I’ve stated on the record many times that my experience as a queer person in the Baptist church and the suburban south was remarkably free of overt oppression or sex-based anxiety and that my own struggles primarily remained in the area of literal hellfire, the impending Rapture, salvation, etc. This is largely due to having compassionate parents and a supportive group of friends, and yet, what a miracle it would be if the conservative church’s message at large might one day pivot from “We love you and have all fallen short!” to the idea expressed so movingly by an elderly woman in Bressan Jr.’s film:
"I believe in human rights. Every mother has a child, that child-, she does not know whether that child is going to be a homosexual or a heterosexual. She shouldn’t ever disavow that child. She should love it from the moment she gives it birth to the moment she or the child dies. And none of us, none of us can choose. We grow up to a certain stage and somebody somewhere, in our genes, has laid down something that has decided ahead of our birth what we are going to be. But I would say, just as God decides whether you’re going to be a boy or a girl, he decides whether you’re going to be homosexual or a heterosexual."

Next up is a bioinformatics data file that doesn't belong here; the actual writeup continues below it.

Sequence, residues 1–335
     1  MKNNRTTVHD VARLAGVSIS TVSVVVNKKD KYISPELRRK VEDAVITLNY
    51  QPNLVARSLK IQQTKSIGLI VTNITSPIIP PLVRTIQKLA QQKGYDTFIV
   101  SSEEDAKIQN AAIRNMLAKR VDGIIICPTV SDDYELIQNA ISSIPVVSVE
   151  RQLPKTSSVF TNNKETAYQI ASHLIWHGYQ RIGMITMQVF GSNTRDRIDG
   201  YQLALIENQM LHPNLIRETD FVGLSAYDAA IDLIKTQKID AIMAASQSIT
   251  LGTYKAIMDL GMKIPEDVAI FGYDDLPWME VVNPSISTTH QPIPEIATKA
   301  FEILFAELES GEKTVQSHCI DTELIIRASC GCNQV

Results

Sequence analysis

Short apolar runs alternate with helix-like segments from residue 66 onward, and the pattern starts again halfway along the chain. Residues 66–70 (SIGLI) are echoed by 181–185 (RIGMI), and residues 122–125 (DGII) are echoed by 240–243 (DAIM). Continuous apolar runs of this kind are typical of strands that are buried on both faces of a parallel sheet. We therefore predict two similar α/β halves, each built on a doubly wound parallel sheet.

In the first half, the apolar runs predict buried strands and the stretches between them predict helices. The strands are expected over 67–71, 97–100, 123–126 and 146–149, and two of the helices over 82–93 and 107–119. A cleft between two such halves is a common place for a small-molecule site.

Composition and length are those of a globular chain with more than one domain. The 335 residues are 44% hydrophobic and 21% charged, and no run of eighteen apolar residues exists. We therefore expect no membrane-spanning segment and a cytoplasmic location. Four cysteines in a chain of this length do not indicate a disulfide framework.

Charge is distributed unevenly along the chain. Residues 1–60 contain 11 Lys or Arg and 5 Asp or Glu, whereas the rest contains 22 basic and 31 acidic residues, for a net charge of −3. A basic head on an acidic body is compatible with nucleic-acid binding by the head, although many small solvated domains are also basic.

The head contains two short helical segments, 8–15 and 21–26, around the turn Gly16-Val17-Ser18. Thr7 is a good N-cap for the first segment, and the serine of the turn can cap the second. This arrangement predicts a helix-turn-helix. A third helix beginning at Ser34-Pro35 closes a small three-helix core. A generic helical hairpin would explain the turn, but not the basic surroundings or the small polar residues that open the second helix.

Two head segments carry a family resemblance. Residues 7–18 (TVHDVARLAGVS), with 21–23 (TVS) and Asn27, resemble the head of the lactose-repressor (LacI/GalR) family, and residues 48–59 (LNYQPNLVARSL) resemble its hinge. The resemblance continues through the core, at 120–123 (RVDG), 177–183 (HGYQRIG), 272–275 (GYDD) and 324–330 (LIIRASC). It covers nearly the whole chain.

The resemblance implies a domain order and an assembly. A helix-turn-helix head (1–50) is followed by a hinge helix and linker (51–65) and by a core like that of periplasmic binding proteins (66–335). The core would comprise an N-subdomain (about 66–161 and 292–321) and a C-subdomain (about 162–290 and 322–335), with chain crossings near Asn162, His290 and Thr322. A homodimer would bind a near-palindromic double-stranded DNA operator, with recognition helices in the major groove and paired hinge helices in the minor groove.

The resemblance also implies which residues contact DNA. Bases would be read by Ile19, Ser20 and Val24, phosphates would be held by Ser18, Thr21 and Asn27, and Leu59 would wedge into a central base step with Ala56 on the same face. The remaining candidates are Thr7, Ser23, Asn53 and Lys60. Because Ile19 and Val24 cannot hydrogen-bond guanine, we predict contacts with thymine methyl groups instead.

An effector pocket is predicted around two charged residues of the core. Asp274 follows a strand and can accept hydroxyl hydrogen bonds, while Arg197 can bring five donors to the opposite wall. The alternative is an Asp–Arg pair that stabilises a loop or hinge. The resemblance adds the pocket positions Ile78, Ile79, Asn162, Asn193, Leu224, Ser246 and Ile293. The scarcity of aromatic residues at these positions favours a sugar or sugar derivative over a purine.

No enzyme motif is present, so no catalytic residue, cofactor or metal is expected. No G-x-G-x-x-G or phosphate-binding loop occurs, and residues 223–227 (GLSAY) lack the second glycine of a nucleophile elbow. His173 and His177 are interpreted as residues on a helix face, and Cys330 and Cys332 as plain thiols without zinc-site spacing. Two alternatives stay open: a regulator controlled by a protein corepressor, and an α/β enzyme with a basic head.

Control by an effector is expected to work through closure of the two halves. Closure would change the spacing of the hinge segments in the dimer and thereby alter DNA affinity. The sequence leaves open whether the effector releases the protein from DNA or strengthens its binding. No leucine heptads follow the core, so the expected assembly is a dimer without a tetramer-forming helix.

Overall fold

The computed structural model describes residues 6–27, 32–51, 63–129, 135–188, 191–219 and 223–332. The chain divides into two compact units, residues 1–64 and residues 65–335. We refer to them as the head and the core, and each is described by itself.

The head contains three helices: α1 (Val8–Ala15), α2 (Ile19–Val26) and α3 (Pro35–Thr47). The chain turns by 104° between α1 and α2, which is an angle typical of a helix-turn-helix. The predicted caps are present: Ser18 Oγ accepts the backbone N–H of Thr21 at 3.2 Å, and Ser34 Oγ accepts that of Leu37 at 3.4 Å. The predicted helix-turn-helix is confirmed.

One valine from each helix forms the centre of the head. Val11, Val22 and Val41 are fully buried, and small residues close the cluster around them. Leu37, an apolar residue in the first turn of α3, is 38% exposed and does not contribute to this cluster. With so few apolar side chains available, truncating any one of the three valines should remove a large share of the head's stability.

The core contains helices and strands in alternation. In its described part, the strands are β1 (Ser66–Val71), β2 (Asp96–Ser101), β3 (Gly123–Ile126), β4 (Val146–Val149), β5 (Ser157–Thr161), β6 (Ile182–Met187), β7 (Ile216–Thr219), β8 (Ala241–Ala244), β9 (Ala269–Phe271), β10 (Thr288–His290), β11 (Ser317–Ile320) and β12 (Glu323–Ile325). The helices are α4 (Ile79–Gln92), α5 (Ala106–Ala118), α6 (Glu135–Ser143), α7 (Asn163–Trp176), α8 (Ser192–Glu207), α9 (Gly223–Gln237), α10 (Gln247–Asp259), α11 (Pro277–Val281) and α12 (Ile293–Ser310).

I suppose, in a way, that The Wise Kids and Henry Gamble’s Birthday Party are my attempts to bridge those ideas, as well as represent the hidden within the church. Moments after this moving passage, footage reveals a faceless figure dressed in black holding a sign that proclaims: “I am the homosexual you are afraid to see.”